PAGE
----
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8 Essential Nautical Knots For Your Boat

8 Essential Nautical Knots For Your Boat

There is nothing like heading out on a boat with a few friends for a nice relaxing day on the water. As all boat owners know, proper planning and preparedness go a long way to ensure your time on the water goes off without a hitch. Knot tying is an essential part of being prepared on open water. As you probably know, there are thousands of knots out there - each with their own strengths and weaknesses. In an effort to save you some time and headache, we have whittled that list down to 8 essential knots every boat owner should know.

Figure 8 Knot

Also called the flemish knot, the figure 8 knot is a convenient and durable stopper knot with many uses. This knot secures your rope in place by preventing the tag end of the rope from slipping out of most retaining devices. The figure 8 knot is a durable and non-slip knot that is easy to tie and untie.

Figure 8 Knot

Ideal Uses:
  • Preventing rope ends from slipping out of boat rigging, pulleys, etc.
  • Docking
  • Mooring

Two Half Hitches

The two half hitches or double half hitch is a durable and adjustable knot that is one of the most common methods used for mooring. The knot consists of a simple overhand knot followed by a half hitch. This sturdy non-slip knot can be used to secure boats to almost any size or shape post, dock, tree, ring, etc by tightening the adjustable loop end around the object. The two half hitches is easy to tie but can be slightly harder to untie if under extreme load.

Two Half Hitches

Ideal Uses:

  • Docking
  • Mooring

Square Knot

Also called the Reef Knot, this method is a simple binding knot used to combine two similarly sized ropes. This quick and easy knot is typically used for reefing and furling sails or to secure cargo to the deck of the boat. The square knot is recommended for light use only as it is unsafe to use for heavy loads.

Square Knot

Ideal Uses:

  • Reefing and furling sails
  • Combining two sections of rope
  • Securing light cargo to your boat

Bowline

The bowline is another essential knot used to create a fixed loop at the end of a rope. This extremely versatile knot can be used in situations that require a firm hold that is easy to untie at a moments notice. Once tied, the bowline can fasten a mooring line to a cleat or post or can be used to tie a jib sheet to a clew of a jib for sailing. The knot will not slip or bind under heavy load and is easy to untie quickly while not under load.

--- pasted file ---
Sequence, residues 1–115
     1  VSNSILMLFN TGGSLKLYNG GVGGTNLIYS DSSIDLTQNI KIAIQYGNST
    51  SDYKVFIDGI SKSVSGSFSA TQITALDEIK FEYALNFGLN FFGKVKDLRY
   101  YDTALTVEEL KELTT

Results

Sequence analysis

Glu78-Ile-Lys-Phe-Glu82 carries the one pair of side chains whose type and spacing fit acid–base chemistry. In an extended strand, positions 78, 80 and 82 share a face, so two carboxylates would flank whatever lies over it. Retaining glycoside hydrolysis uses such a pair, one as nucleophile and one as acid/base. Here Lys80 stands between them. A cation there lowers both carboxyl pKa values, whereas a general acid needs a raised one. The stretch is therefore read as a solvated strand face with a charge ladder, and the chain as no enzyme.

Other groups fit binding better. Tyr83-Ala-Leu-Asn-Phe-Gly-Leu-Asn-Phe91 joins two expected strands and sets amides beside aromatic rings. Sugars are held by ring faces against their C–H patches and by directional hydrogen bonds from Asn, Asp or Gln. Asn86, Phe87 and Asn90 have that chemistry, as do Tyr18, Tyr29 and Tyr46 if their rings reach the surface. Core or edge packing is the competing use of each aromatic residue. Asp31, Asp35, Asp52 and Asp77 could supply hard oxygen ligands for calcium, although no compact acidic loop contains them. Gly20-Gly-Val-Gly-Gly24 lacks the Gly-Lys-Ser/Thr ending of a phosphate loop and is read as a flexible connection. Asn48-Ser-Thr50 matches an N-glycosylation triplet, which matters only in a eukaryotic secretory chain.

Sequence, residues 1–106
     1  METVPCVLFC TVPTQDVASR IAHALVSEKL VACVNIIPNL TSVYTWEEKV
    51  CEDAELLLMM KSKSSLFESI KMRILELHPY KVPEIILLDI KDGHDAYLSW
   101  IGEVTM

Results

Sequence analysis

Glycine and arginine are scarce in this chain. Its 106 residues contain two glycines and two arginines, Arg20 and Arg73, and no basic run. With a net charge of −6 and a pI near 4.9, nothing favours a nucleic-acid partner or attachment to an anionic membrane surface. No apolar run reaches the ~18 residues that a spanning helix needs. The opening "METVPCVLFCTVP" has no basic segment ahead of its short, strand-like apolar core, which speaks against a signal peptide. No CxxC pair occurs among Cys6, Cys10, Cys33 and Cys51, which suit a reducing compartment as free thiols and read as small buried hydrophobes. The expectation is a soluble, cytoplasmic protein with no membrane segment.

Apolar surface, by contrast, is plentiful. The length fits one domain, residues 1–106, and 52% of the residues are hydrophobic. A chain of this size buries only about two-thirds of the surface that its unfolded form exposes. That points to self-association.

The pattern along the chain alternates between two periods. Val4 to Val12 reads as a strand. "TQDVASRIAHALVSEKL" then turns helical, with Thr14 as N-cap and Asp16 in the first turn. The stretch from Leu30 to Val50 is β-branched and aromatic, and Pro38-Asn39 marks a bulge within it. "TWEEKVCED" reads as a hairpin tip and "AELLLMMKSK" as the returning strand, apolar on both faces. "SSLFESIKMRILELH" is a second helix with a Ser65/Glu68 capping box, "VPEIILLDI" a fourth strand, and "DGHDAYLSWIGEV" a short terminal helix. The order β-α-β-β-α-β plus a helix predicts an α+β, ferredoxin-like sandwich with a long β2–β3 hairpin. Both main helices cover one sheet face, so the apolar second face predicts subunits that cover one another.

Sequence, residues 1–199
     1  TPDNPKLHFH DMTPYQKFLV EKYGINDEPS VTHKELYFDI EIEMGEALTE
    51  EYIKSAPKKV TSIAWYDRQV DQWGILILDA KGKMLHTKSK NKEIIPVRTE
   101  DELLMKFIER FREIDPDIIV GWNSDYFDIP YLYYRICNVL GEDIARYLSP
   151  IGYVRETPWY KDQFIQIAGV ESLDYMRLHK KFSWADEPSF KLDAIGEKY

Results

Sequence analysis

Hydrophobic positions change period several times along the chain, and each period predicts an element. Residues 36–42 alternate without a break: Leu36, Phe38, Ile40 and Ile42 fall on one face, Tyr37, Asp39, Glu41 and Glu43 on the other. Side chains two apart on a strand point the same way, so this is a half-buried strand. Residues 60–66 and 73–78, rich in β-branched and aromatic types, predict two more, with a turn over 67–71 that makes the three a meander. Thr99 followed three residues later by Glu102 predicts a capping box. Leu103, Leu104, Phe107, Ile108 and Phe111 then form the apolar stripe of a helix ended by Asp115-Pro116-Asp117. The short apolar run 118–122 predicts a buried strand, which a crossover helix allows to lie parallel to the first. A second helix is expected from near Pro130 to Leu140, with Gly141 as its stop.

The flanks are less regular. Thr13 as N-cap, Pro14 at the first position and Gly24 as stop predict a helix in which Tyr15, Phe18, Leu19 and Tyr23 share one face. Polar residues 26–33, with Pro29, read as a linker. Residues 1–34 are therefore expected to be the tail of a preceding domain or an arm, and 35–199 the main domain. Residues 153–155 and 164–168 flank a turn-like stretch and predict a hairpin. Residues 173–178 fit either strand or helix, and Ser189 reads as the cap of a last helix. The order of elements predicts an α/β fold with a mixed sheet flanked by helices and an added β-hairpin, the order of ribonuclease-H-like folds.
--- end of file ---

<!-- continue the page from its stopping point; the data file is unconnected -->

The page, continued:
Bowline

Idea Uses:

  • Docking
  • Mooring
  • Sailing

Clove Hitch

Also known as the double hitch, the clove hitch is considered one of the most important and most commonly used knots in the world of boating. This easy to tie binding knot uses 2 simple back to back half hitches around a post. The running end of the rope can be adjusted quickly to different lengths and holds tightly as long as 1 strand is weighted.

Clove Hitch

Ideal Uses:

  • Positioning and tying fenders to the rail
  • Docking
  • Mooring
  • General Utility

Anchor Hitch

Also referred to as the anchor bend or fisherman’s hitch, the anchor hitch provides a secure link between your anchor and anchor line. The anchor hitch is about 10% stronger than the bowline and can also be used to attach rope to a ring or other similar terminations.

Anchor Hitch

Ideal Uses:

  • Anchoring

Sheet Bend

Also known as the beckett’s bend or weaver’s knot, the sheet bend is a great way to join two ropes of either the same size or different sized diameters. It’s best to use this knot for ropes which are under load, as it can work loose on ropes which are not under any strain. The sheet bend can be tied tight against a sail or can also be quite useful for making fish nets.

Sheet Bend

Ideal Uses:

  • Sailing
  • Net making

Cleat Hitch

This super fast and easy knot is used to secure your boat to the dock when dock cleats are available. The cleat hitch is an essential boating knot that every boat owner should learn. The knot is designed to tie and untie quickly and hold your boat firmly in place to most docks and boat lifts.

Often times new boaters will tie the cleat hitch improperly leaving them open to the possibility of their boat drifting loose from the dock. In order to ensure your boat will be waiting for you where you left it, it's important to pay close attention to step 4 and 5 of the illustration below. When wrapping the rope around the last horn (step 4), form an underhand loop and slip that loop over the horn of the cleat. Pull tightly on the free end of the rope to pin the loose end of the rope under the last wrap (step 5).

Cleat Hitch

Ideal Uses:

  • Docking

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